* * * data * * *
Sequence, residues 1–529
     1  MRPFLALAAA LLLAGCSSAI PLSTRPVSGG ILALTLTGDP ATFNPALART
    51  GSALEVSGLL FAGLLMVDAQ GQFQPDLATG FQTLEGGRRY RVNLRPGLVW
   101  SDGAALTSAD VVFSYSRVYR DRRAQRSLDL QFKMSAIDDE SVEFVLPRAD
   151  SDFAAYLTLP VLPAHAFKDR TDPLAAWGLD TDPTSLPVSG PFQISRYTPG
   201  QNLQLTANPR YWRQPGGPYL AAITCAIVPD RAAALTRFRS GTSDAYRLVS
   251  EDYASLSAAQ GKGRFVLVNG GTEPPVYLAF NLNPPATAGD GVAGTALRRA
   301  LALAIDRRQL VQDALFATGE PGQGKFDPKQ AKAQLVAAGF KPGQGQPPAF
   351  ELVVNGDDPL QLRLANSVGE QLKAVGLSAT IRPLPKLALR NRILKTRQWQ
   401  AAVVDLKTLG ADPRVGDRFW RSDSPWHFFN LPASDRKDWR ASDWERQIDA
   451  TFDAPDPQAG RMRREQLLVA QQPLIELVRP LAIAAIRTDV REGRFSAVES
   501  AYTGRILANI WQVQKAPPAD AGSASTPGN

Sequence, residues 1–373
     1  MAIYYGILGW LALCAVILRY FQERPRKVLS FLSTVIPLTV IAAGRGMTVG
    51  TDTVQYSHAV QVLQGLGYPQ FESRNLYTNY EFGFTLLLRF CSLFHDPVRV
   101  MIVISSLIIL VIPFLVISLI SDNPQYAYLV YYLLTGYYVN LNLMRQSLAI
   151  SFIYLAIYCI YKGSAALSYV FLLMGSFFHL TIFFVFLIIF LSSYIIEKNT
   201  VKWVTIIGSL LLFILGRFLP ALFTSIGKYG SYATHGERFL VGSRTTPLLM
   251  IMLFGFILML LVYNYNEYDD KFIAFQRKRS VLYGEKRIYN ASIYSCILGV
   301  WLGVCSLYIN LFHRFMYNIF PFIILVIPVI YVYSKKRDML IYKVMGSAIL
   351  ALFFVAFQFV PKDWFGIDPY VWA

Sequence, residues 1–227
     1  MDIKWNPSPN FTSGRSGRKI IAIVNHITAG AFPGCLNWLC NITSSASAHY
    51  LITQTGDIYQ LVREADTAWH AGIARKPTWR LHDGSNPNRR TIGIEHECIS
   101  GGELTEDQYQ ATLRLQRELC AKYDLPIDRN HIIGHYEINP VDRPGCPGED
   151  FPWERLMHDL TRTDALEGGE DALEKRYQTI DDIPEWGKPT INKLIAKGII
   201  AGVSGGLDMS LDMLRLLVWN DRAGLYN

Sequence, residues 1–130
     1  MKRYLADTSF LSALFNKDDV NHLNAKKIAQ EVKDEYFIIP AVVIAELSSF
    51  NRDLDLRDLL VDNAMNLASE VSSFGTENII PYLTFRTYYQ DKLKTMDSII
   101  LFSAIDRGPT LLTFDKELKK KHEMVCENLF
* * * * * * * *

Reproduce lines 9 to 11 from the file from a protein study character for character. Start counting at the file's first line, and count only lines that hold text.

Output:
   351  ELVVNGDDPL QLRLANSVGE QLKAVGLSAT IRPLPKLALR NRILKTRQWQ
   401  AAVVDLKTLG ADPRVGDRFW RSDSPWHFFN LPASDRKDWR ASDWERQIDA
   451  TFDAPDPQAG RMRREQLLVA QQPLIELVRP LAIAAIRTDV REGRFSAVES